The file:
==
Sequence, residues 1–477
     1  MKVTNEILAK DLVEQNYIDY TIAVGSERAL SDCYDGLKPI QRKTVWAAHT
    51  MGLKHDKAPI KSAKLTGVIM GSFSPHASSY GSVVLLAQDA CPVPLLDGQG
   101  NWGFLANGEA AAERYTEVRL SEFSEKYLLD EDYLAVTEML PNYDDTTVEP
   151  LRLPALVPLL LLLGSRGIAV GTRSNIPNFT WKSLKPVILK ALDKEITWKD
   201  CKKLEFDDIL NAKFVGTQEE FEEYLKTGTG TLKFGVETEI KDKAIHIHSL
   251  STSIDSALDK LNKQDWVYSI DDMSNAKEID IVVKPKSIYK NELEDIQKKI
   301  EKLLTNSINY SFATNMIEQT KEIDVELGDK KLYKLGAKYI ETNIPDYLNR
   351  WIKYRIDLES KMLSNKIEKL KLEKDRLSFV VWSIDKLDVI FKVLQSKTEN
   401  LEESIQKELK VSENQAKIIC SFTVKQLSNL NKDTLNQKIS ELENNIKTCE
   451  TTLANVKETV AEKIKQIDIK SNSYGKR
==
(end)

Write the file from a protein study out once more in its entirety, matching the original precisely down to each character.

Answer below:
Sequence, residues 1–477
     1  MKVTNEILAK DLVEQNYIDY TIAVGSERAL SDCYDGLKPI QRKTVWAAHT
    51  MGLKHDKAPI KSAKLTGVIM GSFSPHASSY GSVVLLAQDA CPVPLLDGQG
   101  NWGFLANGEA AAERYTEVRL SEFSEKYLLD EDYLAVTEML PNYDDTTVEP
   151  LRLPALVPLL LLLGSRGIAV GTRSNIPNFT WKSLKPVILK ALDKEITWKD
   201  CKKLEFDDIL NAKFVGTQEE FEEYLKTGTG TLKFGVETEI KDKAIHIHSL
   251  STSIDSALDK LNKQDWVYSI DDMSNAKEID IVVKPKSIYK NELEDIQKKI
   301  EKLLTNSINY SFATNMIEQT KEIDVELGDK KLYKLGAKYI ETNIPDYLNR
   351  WIKYRIDLES KMLSNKIEKL KLEKDRLSFV VWSIDKLDVI FKVLQSKTEN
   401  LEESIQKELK VSENQAKIIC SFTVKQLSNL NKDTLNQKIS ELENNIKTCE
   451  TTLANVKETV AEKIKQIDIK SNSYGKR